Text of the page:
It is understandable that some people cringe at the idea of Catholicism being reduced to an existential condition or a religious disposition, a cultural or folkloric aesthetic.  There is something too soft and sentimental, too theologically unchecked, about these forms of “cultural Catholicism.”  George Weigel’s Evangelical Catholicism is a good example of a direct argument against it.  Fr. Robert Barron’s approach, in his popular Catholicism series, is a very measured way of implicitly making the same point.

It would seem, then, that it is all or nothing.  Full-force kerygmatic Gospel proclamation, rooted in the sacraments and liturgy, or a secular “none.”

But is it true?

There is an argument to be made that it is patently false.  Others have made this point before in different ways (von Balthasar, Maritain, and Gilson all come to mind, but they seem to be mostly forgotten, misunderstood, or ignored nowadays), but more concrete examples abound.  For instance, consider the vast canon of the public presence of art in the West.  There is a very real cultural anthropology present, especially in the art of Europe, that cannot be described as generically religious.  It is distinctly Catholic.  In many ways, the analogy is direct: Much of that art was commissioned by and for the Church, and directly took up Catholic images and themes because of it.  Then there are the oblique and indirect ways that these works of art create an aesthetic consciousness that became embedded in the culture itself.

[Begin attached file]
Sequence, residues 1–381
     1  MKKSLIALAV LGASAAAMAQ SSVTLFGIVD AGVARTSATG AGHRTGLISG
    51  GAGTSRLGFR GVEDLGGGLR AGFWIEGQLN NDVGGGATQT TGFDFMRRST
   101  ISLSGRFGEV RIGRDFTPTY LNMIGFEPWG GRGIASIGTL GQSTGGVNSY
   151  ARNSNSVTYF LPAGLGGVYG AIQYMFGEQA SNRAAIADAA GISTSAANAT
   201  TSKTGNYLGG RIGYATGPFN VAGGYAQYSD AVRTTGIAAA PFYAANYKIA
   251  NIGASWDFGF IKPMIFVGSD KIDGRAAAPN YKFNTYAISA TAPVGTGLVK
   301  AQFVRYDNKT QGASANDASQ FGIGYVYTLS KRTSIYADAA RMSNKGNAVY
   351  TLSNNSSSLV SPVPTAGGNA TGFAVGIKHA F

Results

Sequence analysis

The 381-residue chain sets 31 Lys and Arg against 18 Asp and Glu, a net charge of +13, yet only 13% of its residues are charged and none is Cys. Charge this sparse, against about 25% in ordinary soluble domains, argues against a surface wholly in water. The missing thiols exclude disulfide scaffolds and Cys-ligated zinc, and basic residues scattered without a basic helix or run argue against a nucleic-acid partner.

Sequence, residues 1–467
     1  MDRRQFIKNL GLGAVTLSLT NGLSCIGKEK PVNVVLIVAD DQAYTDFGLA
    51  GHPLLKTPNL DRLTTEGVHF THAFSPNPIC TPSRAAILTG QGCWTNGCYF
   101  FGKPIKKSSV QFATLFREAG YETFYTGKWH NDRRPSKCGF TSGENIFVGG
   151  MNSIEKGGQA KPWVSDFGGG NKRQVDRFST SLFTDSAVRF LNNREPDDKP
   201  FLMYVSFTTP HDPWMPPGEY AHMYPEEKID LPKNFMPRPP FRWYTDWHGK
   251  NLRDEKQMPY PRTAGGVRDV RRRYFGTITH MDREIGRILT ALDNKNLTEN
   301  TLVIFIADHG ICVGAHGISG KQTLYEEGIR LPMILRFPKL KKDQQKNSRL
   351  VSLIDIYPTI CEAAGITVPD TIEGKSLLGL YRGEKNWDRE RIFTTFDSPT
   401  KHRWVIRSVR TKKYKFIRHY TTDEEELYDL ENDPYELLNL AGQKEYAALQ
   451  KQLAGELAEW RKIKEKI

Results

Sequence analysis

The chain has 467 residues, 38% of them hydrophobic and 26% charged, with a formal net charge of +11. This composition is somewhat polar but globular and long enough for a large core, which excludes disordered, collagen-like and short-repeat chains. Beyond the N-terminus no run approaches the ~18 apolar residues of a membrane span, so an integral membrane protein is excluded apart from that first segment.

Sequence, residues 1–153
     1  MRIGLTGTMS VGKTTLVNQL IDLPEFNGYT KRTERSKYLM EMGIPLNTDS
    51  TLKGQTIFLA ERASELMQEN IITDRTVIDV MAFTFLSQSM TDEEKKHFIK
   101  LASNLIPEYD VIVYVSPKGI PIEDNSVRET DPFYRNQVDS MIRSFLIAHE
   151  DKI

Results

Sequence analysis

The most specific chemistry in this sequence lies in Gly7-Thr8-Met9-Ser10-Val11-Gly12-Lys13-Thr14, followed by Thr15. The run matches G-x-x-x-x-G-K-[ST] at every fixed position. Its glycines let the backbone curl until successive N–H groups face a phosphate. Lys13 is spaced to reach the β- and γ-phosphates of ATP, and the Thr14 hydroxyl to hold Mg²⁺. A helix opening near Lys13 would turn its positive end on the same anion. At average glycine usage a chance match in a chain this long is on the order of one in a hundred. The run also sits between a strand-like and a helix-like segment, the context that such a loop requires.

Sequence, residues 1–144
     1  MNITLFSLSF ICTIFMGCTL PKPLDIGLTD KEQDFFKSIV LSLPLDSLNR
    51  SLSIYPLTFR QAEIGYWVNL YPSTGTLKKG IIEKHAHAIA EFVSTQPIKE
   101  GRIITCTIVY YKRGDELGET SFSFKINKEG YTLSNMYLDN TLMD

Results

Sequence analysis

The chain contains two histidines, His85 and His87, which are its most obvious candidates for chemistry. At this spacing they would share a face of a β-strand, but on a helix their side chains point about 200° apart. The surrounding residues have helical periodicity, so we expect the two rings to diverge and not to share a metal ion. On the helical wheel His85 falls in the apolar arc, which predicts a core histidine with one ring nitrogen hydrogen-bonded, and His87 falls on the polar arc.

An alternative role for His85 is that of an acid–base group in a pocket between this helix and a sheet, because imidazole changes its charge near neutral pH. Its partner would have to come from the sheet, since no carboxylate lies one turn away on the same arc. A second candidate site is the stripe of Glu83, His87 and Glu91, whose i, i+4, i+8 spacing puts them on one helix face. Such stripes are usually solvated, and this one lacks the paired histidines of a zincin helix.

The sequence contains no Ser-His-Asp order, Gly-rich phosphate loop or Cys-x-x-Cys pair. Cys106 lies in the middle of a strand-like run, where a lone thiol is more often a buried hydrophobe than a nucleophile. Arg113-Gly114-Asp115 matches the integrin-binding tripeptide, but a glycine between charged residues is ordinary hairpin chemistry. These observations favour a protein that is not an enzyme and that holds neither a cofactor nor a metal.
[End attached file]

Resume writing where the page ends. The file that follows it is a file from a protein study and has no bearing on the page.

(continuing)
To live amidst Catholic art is to be affected and educated by it.  This is public pedagogy in its most refined and effective state.  Religious architecture, for instance, has geographical and ecological effects, leading to a spatio-temporal affect in the human person who dwells within the literal beauty of the church (which, of course, is not to be confused with the figurative, but every bit as real, beauty of the Church).